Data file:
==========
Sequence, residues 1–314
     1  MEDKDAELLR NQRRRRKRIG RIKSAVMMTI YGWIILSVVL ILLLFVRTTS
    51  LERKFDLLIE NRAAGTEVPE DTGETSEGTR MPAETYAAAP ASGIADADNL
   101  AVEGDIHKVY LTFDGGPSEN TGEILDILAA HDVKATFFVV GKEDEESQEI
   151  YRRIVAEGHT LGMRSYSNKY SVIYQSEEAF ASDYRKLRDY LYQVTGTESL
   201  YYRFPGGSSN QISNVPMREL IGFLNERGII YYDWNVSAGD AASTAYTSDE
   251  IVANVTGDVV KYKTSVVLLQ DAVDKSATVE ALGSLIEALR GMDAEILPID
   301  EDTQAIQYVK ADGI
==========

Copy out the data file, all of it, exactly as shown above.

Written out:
Sequence, residues 1–314
     1  MEDKDAELLR NQRRRRKRIG RIKSAVMMTI YGWIILSVVL ILLLFVRTTS
    51  LERKFDLLIE NRAAGTEVPE DTGETSEGTR MPAETYAAAP ASGIADADNL
   101  AVEGDIHKVY LTFDGGPSEN TGEILDILAA HDVKATFFVV GKEDEESQEI
   151  YRRIVAEGHT LGMRSYSNKY SVIYQSEEAF ASDYRKLRDY LYQVTGTESL
   201  YYRFPGGSSN QISNVPMREL IGFLNERGII YYDWNVSAGD AASTAYTSDE
   251  IVANVTGDVV KYKTSVVLLQ DAVDKSATVE ALGSLIEALR GMDAEILPID
   301  EDTQAIQYVK ADGI